Making jasmine tea requires conscious effort and patience in order to brew flowering petals into a delicious elixir. Jasmine is one of the most famous scented teas in China and increasingly attracts popularity worldwide, for good reason. Featuring a wide array of health benefits, jasmine tea can help relieve stress, boost your energy and protect heart health.
Jasmine tea features a delicate flavor profile and exudes an aromatic floral scent, which needs to be infused thoughtfully to preserve the taste. Read on to find out the basics of selecting a delicious jasmine tea and how to brew it to perfection.
Jasmine tea is an herbal tea that is brewed using a mixture of tea leaves from the Camellia sinensis plant and infusions of fresh jasmine blossoms. Some more affordable jasmine tea blends are made using the true tea base and jasmine extract or artificial flavor in place of the fresh buds.
Jasmine tea is most often made using green tea, but can also occasionally be made with oolong, white or black teas. Tea leaves are harvested from the plant in spring and are carefully preserved until the jasmine blossoms begin blooming in summer.
The two most common jasmine species used for jasmine tea include Jasminum officinale known as Common Jasmine and Jasminum sambac or Sampaguita. The blossoms are then added to the stored leaves and allowed to infuse for a period of several hours or weeks depending on the tea master and blend.
The jasmine scent infusion process is then repeated several times. For standard grade jasmine tea, scenting is done only a few times while it is repeated up to nine times for high quality teas such as Yin Hao and Dragon Pearls.
You can brew jasmine tea infusions using tea bags, matcha blends, loose leaves or pearls. In general, since jasmine has such a delicate flavor profile, it's recommended to avoid brewing with tea bags. This is because many bagged teas contain broken leaves, dust and other residuals that can affect the true taste of jasmine tea. If you must use a tea bag, opt for jasmine tea sachets that offer more room for the leaves.
Loose leaf teas are an ideal go-to when it comes time to brew your favorite cuppa. They are easy to find and can be purchased in almost every grocery store, online or in local tea shops. With loose leaf teas, you'll need an infuser to keep the buds contained when brewing.
Jasmine tea is traditionally brewed using loose tea leaves, but is also available in the form of rolled pearls. Known as Jasmine Dragon Pearls or Jasmine Phoenix Pearls, the jasmine tea is hand-rolled into small perfumed balls that unfurl to release the delicate flavors and scents associated with jasmine tea.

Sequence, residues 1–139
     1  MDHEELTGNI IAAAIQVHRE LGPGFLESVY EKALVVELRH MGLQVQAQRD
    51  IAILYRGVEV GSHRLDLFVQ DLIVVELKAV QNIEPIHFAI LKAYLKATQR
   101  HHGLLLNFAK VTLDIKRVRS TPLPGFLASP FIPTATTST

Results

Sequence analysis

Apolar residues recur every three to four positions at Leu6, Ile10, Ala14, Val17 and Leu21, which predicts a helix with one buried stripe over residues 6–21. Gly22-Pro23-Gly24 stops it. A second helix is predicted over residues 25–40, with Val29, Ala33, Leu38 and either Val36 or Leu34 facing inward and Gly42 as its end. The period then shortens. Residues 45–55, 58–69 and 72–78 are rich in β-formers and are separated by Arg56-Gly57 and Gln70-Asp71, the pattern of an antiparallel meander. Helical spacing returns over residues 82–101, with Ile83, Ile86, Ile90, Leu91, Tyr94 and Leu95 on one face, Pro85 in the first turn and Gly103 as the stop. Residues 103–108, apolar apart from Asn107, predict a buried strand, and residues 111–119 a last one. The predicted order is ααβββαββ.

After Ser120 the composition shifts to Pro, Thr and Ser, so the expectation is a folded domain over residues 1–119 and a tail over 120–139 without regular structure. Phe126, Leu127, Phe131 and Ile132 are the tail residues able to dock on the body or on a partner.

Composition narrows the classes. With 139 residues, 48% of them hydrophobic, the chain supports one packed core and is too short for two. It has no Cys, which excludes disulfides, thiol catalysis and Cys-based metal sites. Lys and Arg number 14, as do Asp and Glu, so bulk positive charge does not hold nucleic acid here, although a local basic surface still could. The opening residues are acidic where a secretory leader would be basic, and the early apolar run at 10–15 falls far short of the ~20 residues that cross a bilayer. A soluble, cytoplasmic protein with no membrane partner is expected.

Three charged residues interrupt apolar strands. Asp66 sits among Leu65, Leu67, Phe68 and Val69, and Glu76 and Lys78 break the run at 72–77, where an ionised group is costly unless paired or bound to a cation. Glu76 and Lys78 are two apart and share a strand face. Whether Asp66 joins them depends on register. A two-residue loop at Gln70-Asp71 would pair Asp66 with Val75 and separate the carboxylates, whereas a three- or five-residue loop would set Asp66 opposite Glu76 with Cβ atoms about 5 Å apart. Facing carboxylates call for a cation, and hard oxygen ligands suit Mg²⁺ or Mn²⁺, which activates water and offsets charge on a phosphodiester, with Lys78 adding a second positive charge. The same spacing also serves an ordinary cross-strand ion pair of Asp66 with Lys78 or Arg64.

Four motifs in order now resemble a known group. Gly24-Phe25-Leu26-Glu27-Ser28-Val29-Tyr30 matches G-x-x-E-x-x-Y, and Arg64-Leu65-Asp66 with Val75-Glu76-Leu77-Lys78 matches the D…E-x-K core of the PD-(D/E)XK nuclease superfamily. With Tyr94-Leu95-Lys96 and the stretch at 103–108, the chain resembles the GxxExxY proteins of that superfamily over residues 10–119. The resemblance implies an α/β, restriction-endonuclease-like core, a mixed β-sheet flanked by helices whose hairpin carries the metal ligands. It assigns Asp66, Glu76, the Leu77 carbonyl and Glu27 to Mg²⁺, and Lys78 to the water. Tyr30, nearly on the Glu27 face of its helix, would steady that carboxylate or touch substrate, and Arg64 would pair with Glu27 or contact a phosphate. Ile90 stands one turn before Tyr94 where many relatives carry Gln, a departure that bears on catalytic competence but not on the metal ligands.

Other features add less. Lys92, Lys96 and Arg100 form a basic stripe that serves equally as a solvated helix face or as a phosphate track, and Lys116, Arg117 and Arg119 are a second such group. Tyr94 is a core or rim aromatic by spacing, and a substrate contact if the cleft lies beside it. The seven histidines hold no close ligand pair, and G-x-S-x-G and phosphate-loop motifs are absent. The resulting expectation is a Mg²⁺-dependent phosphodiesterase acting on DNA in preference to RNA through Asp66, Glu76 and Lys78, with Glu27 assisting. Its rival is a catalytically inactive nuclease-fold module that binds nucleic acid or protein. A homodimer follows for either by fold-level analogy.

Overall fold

The jasmine buds are rolled and then dried before being blended with jasmine flower buds. Once the buds open, they release and infuse the pearl with flavor and aroma. Typically from the Fujian province, using pearls to brew your jasmine tea can add an extra special effect to an afternoon tea gathering.
Selecting the right jasmine tea will depend heavily on your tastes and how much you want to spend. Higher quality and purer jasmine teas are like fine wine in that they are more time-intensive to cultivate and thus more expensive. You'll also want to keep in mind which jasmine tea type you want, loose-leaf or pearls. For loose-leaf teas, use 1 heaping teaspoon for every 8 ounces of water.
When it comes to brewing any tea, water is the essential foundation for a delicious cup. Avoid using distilled water as it does not allow flavors to develop. Instead, you should use spring water as a first choice and filtered water as the second best option. Spring water is free from chemicals and compounds that can alter flavors. Using tap water can result in a more bitter tea due to the presence of treating chemicals such as chlorine.
Since jasmine tea is delicate, it is more sensitive to water temperatures and you should not brew using boiling water as you would a regular true tea. Instead, aim to heat your water between 160 and 180 F.
The best way to ensure proper temperature is to invest in a thermometer or tea kettle with temperature settings. If you don't have either of these on hand, simply use the Chinese tea brewing method of watching for bubbles. Bubbles that are the size of fish eyes and haven't breached the surface of the water generally indicate temperatures of 160 to 180 F.
Jasmine scented tea should steep for 2 to 4 minutes depending on desired strength. If you find that your jasmine tea is too bitter, try using fewer leaves or brewing for a shorter amount of time. We recommend steeping for 2 minutes initially and testing the flavor every 30 seconds to suit your taste preferences.
Jasmine green tea offers a delicate flavor profile and sweet scented aroma that helps you relax and unwind. The sweet floral notes of jasmine tea combined with the fresh finish invigorate taste buds and the perfumed aroma will awaken your senses. Follow the steps outlined here and you'll enjoy a perfectly brewed cup of jasmine tea every time.
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